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Nat Genet. 2010 Jun;42(6):536-40. doi: 10.1038/ng.574. Epub 2010 May 2.

Substitutions in woolly mammoth hemoglobin confer biochemical properties adaptive for cold tolerance.

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  • 1Department of Biological Sciences, University of Manitoba, Winnipeg, Canada. campbelk@cc.umanitoba.ca

Abstract

We have genetically retrieved, resurrected and performed detailed structure-function analyses on authentic woolly mammoth hemoglobin to reveal for the first time both the evolutionary origins and the structural underpinnings of a key adaptive physiochemical trait in an extinct species. Hemoglobin binds and carries O(2); however, its ability to offload O(2) to respiring cells is hampered at low temperatures, as heme deoxygenation is inherently endothermic (that is, hemoglobin-O(2) affinity increases as temperature decreases). We identify amino acid substitutions with large phenotypic effect on the chimeric beta/delta-globin subunit of mammoth hemoglobin that provide a unique solution to this problem and thereby minimize energetically costly heat loss. This biochemical specialization may have been involved in the exploitation of high-latitude environments by this African-derived elephantid lineage during the Pleistocene period. This powerful new approach to directly analyze the genetic and structural basis of physiological adaptations in an extinct species adds an important new dimension to the study of natural selection.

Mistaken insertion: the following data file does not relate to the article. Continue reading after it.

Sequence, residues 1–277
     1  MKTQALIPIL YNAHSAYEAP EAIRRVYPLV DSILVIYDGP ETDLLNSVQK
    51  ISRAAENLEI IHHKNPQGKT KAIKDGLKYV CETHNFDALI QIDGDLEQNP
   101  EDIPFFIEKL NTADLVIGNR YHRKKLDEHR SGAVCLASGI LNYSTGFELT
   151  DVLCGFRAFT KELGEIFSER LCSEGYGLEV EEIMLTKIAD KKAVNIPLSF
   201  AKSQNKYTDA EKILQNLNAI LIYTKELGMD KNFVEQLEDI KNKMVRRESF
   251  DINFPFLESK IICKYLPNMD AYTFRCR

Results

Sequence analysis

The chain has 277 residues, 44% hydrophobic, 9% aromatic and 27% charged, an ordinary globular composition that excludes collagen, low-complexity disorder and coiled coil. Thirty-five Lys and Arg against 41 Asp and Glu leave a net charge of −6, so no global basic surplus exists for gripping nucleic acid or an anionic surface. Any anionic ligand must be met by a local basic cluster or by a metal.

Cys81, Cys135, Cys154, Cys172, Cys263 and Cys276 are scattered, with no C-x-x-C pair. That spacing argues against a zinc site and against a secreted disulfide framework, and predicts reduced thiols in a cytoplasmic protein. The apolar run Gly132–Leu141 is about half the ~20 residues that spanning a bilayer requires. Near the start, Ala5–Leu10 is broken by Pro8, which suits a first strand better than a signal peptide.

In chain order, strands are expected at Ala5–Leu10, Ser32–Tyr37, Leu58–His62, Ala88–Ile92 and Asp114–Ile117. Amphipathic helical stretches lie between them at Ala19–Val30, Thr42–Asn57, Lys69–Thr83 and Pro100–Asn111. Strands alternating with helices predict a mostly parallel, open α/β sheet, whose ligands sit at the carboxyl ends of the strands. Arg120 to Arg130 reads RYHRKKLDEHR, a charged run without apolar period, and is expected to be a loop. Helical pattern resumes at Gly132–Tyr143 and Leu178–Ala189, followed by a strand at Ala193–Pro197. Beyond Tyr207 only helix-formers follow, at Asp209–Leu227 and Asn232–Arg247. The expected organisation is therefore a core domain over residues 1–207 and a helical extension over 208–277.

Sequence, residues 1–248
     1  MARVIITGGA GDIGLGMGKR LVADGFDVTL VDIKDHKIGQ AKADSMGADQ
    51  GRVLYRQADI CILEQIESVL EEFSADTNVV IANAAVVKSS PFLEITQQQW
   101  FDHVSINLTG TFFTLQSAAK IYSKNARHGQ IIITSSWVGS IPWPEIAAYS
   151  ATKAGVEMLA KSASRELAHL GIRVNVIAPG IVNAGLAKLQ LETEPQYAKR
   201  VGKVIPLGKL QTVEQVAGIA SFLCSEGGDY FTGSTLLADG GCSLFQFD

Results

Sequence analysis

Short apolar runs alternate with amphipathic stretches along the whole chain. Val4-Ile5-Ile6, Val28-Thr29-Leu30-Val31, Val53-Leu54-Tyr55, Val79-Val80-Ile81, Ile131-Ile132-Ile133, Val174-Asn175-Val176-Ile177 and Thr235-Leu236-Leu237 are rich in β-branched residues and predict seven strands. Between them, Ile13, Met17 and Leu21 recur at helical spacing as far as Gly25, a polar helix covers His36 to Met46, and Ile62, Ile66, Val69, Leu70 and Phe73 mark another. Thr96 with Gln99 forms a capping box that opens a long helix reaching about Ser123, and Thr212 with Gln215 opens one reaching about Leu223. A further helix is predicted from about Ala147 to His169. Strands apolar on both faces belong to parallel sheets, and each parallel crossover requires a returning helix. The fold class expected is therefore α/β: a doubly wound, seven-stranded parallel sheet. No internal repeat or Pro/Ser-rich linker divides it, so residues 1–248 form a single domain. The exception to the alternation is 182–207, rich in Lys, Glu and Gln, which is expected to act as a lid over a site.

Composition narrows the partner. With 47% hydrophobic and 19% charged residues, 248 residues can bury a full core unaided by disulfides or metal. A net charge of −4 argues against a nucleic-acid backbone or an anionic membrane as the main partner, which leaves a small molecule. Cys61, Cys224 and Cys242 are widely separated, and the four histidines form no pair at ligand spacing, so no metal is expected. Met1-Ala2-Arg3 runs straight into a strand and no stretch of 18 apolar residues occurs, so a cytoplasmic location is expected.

PMID:
20436470
[PubMed - indexed for MEDLINE]
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